Tens of thousands — in the Shiite south, mixed Sunni-Shiite Baghdad and the Kurdish north — poured into usually treacherous streets to share a rare moment of national unity and a stunning triumph of the national team in Asia's most prestigious soccer competition.
Celebrating a 1-0 win over three-time champions Saudi Arabia in Jakarta, Indonesia, Iraqis danced, sang and waved Iraqi flags and team posters on the streets of Baghdad, Saddam Hussein's hometown of Tikrit, the southern cities of Basra and Nasiriyah, the holy Shiite cities of Najaf and Karbala and Irbil and Sulaimaniyah in Kurdistan.
Loud chants of "Long live Iraq" and "Baghdad is victorious" rang out across the country as Iraqis, pushed to despair by four years of unabated violence, basked in national pride. The revelers were mostly men — young and old. Many took their shirts off to display the red, white and black colors of the Iraqi flag.
Reporters of the state Iraqiya television wrapped themselves with Iraqi flags as they interviewed revelers on the streets. Some joined in the chanting.
Within seconds of the final whistle, celebratory fire echoed across the skies of Baghdad and elsewhere despite a government ban and the threat of arrest by authorities.
At least four people were killed and scores wounded by the gunfire, but, as night fell on the country, there were no reports of bombings like the pair that killed at least 50 and wounded dozens in Baghdad Wednesday during celebrations of Iraq's semifinal win over South Korea.
Authorities said they foiled a potential car bomber in southwestern Baghdad after he refused to stop at a checkpoint and appeared headed toward a crowd of revelers.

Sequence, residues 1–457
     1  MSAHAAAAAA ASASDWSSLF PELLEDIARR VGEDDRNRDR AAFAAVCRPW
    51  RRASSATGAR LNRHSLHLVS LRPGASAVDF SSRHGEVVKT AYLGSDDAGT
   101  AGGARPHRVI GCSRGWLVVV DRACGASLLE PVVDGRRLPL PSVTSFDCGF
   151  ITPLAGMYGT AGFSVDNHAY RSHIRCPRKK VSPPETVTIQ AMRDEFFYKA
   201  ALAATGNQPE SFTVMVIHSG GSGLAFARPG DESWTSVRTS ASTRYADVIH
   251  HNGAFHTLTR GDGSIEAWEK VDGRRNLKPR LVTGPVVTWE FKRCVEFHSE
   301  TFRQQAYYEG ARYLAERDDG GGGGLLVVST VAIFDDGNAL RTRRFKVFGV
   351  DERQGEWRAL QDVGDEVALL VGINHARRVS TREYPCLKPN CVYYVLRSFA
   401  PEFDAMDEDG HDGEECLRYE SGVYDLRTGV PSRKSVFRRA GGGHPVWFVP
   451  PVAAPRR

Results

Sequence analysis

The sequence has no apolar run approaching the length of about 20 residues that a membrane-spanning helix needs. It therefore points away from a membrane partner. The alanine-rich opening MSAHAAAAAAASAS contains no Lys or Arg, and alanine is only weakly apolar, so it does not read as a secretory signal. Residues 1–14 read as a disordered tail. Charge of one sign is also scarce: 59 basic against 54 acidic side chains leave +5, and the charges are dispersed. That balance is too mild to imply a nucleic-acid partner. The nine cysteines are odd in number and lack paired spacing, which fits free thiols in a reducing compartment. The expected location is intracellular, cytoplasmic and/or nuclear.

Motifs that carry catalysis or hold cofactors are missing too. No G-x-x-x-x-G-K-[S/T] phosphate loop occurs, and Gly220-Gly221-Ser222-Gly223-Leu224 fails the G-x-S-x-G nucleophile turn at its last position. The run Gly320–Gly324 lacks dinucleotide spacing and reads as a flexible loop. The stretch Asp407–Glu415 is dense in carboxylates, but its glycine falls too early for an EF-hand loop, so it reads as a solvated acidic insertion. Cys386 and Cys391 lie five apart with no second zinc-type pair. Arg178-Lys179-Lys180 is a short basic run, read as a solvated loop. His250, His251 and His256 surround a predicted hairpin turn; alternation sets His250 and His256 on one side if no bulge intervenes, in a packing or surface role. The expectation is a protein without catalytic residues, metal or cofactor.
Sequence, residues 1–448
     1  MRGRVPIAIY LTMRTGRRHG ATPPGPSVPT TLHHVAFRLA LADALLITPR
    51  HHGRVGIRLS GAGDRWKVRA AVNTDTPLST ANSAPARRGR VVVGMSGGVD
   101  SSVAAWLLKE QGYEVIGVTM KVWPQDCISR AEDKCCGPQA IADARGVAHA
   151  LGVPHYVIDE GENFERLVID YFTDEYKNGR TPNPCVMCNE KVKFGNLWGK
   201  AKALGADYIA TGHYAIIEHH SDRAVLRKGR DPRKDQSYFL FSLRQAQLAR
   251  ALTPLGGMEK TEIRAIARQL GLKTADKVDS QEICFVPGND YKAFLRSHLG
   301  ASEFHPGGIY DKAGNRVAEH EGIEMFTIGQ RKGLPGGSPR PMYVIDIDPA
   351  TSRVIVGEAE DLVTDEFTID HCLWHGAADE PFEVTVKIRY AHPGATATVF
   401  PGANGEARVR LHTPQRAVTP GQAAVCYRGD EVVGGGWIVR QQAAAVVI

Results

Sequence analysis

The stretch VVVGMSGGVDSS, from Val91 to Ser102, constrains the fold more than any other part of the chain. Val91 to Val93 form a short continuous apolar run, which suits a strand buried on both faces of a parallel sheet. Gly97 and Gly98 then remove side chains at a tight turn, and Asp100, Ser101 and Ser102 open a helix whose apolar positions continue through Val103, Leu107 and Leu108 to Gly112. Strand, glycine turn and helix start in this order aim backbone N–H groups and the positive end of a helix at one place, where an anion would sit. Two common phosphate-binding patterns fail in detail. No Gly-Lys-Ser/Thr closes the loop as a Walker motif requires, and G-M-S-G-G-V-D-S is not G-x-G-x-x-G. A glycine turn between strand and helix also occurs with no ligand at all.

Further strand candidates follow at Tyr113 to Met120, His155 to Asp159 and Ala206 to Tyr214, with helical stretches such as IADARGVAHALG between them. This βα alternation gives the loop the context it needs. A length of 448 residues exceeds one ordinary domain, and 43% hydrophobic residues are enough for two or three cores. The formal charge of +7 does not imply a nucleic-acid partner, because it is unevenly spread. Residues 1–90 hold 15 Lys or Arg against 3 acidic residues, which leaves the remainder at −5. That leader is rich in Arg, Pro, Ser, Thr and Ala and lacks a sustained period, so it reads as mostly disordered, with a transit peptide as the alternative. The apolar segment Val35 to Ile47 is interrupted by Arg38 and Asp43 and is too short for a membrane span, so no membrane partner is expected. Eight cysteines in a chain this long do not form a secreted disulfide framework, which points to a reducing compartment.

Iraqi authorities announced a ban on vehicles in and around the capital from shortly before the game began in an effort to prevent a repeat of last week's violence. The ban, which will be lifted at 6 a.m. Monday, appeared successful in stopping car bombers.
"The victory of our Iraqi soccer team is a wonderful gift to Iraqis who have been suffering from the killing, car bombs, abductions and other violent acts," said Falah Ibrahim, a 44-year-old resident of Baghdad's Shiite Sadr City district.
Sunday's 1-0 win over Saudi Arabia capped a three-week Asian Cup campaign by The Lions of the Two Rivers. Iraqis were captivated, if only temporarily, and spoke of hope even as years of violence and sectarian strife have many asking if ethnically and religiously divided Iraq can survive as one nation.
The team's players do not live in Iraq and earn their wages playing for teams across the Middle East. Because of tenuous security at home, wars and U.N. sanctions, the men had not played a home game in 17 years and must train and practice abroad.
"We are celebrating because this team represents all Iraqi sects," said Awas Khalid, one of the thousands of Kurds who celebrated the win in Sulaimaniyah. It is a main city in Iraq's Kurdish north, where secessionist sentiment has been on the rise.
"This team is for everyone," said Khalid as other revelers around him waved Iraqi flags along with the Kurdish green-yellow-red-white ones. They also chanted "Baghdad is victorious" in Arabic, not their native Kurdish.